Clients of a certain age tend to be “old school” in terms of values. Trust is vital.
While cost is, of course, always important, elder law clients tend to look for professionals –
doctors, accountants, lawyers – as longer-term trusted advisors to guide them over a number of years.
They are less transactional, less focused on changing from supplier to supplier, and more focused on developing a relationship of trust, integrity, and familiarity. Elder years are no time for mediocre decisions or advice.
The internet is not a panacea for knowledge on all the issues that elder clients may encounter. Specialist advice, mindful not only of the law, but also the client needs, is essential.
Elder lawyers need to be focussed on the same old school values of their clients and offer the reliability and comfort of knowing that every phone call is not being billed, every event is not recorded on a time sheet, and that a global, rather than transactional approach is taken to inquiries.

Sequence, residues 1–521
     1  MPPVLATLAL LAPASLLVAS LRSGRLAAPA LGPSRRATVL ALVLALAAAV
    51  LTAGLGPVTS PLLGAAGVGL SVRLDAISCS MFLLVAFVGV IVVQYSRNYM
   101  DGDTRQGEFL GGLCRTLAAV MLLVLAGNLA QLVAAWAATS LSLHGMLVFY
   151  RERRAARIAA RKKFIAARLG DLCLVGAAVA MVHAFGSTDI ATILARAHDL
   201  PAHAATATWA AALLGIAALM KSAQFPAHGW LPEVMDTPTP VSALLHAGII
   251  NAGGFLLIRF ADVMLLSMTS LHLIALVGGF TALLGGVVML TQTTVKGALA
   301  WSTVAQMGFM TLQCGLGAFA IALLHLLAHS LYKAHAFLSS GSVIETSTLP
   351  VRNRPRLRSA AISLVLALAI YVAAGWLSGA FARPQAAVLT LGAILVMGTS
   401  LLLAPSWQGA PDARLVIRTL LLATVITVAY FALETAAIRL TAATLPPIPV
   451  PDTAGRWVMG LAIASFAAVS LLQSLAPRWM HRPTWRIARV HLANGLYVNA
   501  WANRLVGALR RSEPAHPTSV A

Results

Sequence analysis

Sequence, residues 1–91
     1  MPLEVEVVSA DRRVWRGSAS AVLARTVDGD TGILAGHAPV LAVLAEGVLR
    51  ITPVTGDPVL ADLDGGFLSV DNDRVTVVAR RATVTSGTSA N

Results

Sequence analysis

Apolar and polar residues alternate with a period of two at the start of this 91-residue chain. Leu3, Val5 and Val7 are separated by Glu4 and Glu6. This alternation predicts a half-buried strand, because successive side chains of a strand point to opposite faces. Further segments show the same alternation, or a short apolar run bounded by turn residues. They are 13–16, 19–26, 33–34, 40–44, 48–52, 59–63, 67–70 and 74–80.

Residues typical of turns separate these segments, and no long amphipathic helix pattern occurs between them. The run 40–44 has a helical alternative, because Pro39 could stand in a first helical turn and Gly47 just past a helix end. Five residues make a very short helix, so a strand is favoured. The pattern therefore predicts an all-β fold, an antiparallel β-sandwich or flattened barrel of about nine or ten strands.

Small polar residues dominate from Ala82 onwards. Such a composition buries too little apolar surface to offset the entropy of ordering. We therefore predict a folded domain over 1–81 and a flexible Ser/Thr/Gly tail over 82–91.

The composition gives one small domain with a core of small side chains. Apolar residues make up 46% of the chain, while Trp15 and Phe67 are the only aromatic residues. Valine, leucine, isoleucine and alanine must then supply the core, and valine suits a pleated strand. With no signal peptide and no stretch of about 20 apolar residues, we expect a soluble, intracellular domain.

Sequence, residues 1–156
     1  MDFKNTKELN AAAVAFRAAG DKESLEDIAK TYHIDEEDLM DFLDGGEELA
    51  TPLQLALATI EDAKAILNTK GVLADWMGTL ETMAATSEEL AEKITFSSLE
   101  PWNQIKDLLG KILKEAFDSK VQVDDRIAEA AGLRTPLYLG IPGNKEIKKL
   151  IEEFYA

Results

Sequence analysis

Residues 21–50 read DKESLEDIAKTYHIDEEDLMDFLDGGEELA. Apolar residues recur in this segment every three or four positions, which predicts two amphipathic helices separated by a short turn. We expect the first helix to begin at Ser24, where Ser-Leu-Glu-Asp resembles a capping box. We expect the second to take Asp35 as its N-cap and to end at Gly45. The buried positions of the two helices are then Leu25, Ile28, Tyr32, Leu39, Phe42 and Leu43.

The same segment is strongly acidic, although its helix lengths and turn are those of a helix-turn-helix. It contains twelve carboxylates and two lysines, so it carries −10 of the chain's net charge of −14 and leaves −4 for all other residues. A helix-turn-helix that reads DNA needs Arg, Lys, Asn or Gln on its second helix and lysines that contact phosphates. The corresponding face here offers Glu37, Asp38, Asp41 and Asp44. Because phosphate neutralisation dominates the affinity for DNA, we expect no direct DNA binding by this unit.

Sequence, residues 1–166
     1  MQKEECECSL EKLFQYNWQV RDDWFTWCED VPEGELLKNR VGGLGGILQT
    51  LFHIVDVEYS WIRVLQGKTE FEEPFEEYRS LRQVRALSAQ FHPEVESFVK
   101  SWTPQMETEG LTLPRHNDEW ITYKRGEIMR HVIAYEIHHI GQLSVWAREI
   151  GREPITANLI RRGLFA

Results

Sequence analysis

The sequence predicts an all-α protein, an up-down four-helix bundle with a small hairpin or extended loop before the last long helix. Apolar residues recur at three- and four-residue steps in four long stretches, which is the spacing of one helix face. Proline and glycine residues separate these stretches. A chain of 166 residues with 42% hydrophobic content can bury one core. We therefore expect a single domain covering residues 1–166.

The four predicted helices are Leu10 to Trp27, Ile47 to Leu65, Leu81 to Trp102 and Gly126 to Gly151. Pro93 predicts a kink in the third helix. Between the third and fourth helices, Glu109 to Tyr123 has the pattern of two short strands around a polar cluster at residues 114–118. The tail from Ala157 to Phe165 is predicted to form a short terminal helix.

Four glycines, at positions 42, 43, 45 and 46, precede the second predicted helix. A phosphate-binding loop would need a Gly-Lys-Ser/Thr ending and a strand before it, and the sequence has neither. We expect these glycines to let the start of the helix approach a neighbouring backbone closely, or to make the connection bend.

The role of the elder lawyer is akin to the traditional GP role – service is offered for a fee, but the relationship is intended, on both sides, to be long term, so billing and advice occurs in that context.
Issues faced at this time of life include wills, estate management, retirement village purchases, aged care contracts, granny flats, loan agreements with children, elder abuse and financial coercion, and property sales and transfers.
Elder clients are not files, not numbers – they are people who are entitled to be treated with the dignity and respect accorded those who have built this country and are simply embarking on another part of their life journey.